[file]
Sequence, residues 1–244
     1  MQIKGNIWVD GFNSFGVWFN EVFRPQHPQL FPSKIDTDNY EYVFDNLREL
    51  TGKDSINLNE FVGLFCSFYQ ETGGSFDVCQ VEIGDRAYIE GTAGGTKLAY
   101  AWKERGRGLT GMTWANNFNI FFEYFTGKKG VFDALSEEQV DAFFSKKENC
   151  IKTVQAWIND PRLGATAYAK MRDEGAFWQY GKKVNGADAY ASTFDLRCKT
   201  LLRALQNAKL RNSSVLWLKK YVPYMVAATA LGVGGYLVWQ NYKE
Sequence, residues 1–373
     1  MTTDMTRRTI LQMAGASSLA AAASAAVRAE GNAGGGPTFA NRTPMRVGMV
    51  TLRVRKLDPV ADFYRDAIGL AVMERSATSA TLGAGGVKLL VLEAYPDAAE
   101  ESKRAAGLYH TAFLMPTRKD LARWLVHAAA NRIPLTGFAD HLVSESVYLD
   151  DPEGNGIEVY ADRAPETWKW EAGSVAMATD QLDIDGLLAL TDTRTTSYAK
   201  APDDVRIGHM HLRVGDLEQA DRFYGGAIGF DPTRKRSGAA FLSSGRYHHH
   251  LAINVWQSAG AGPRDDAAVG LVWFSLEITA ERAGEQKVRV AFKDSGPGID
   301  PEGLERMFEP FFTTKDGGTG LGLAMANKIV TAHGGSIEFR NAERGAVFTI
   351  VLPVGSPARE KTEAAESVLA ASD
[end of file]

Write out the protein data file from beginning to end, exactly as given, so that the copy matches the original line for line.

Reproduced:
Sequence, residues 1–244
     1  MQIKGNIWVD GFNSFGVWFN EVFRPQHPQL FPSKIDTDNY EYVFDNLREL
    51  TGKDSINLNE FVGLFCSFYQ ETGGSFDVCQ VEIGDRAYIE GTAGGTKLAY
   101  AWKERGRGLT GMTWANNFNI FFEYFTGKKG VFDALSEEQV DAFFSKKENC
   151  IKTVQAWIND PRLGATAYAK MRDEGAFWQY GKKVNGADAY ASTFDLRCKT
   201  LLRALQNAKL RNSSVLWLKK YVPYMVAATA LGVGGYLVWQ NYKE
Sequence, residues 1–373
     1  MTTDMTRRTI LQMAGASSLA AAASAAVRAE GNAGGGPTFA NRTPMRVGMV
    51  TLRVRKLDPV ADFYRDAIGL AVMERSATSA TLGAGGVKLL VLEAYPDAAE
   101  ESKRAAGLYH TAFLMPTRKD LARWLVHAAA NRIPLTGFAD HLVSESVYLD
   151  DPEGNGIEVY ADRAPETWKW EAGSVAMATD QLDIDGLLAL TDTRTTSYAK
   201  APDDVRIGHM HLRVGDLEQA DRFYGGAIGF DPTRKRSGAA FLSSGRYHHH
   251  LAINVWQSAG AGPRDDAAVG LVWFSLEITA ERAGEQKVRV AFKDSGPGID
   301  PEGLERMFEP FFTTKDGGTG LGLAMANKIV TAHGGSIEFR NAERGAVFTI
   351  VLPVGSPARE KTEAAESVLA ASD